Quantitative evidence for the effects of multiple drivers on continental-scale amphibian declines

Scientific Reports
By: , and 

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Abstract

Since amphibian declines were first proposed as a global phenomenon over a quarter century ago, the conservation community has made little progress in halting or reversing these trends. The early search for a “smoking gun” was replaced with the expectation that declines are caused by multiple drivers. While field observations and experiments have identified factors leading to increased local extinction risk, evidence for effects of these drivers is lacking at large spatial scales. Here, we use observations of 389 time-series of 83 species and complexes from 61 study areas across North America to test the effects of 4 of the major hypothesized drivers of declines. While we find that local amphibian populations are being lost from metapopulations at an average rate of 3.79% per year, these declines are not related to any particular threat at the continental scale; likewise the effect of each stressor is variable at regional scales. This result - that exposure to threats varies spatially, and populations vary in their response - provides little generality in the development of conservation strategies. Greater emphasis on local solutions to this globally shared phenomenon is needed.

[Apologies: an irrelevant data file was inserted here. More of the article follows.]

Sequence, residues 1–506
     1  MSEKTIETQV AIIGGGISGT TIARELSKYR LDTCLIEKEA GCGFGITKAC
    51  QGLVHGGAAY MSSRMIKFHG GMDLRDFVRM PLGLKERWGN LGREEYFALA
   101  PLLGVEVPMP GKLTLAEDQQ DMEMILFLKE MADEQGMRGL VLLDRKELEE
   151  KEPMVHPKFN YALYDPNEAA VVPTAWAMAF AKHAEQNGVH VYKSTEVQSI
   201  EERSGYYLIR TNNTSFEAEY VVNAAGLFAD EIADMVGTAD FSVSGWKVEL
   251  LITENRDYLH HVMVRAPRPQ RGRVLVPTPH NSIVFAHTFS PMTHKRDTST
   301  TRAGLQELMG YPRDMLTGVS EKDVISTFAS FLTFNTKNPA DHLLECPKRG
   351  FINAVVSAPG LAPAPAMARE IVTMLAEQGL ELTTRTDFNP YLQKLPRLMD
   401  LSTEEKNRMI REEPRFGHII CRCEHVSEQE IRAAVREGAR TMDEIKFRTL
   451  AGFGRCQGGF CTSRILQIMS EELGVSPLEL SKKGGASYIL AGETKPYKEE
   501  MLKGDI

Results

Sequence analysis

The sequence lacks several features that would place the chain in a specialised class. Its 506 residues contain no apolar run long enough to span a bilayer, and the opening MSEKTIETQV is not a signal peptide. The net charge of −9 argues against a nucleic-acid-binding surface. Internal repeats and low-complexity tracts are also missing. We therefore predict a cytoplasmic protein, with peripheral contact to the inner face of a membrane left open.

Additional publication details

Publication type Article
Publication Subtype Journal Article
Title Quantitative evidence for the effects of multiple drivers on continental-scale amphibian declines
Series title Scientific Reports
DOI 10.1038/srep25625
Volume 6
Year Published 2016
Language English
Publisher Nature
Contributing office(s) Forest and Rangeland Ecosystem Science Center, Patuxent Wildlife Research Center, John Wesley Powell Center for Analysis and Synthesis
Description Article 25625; 9 p.
Online Only (Y/N) N
Additional Online Files (Y/N) N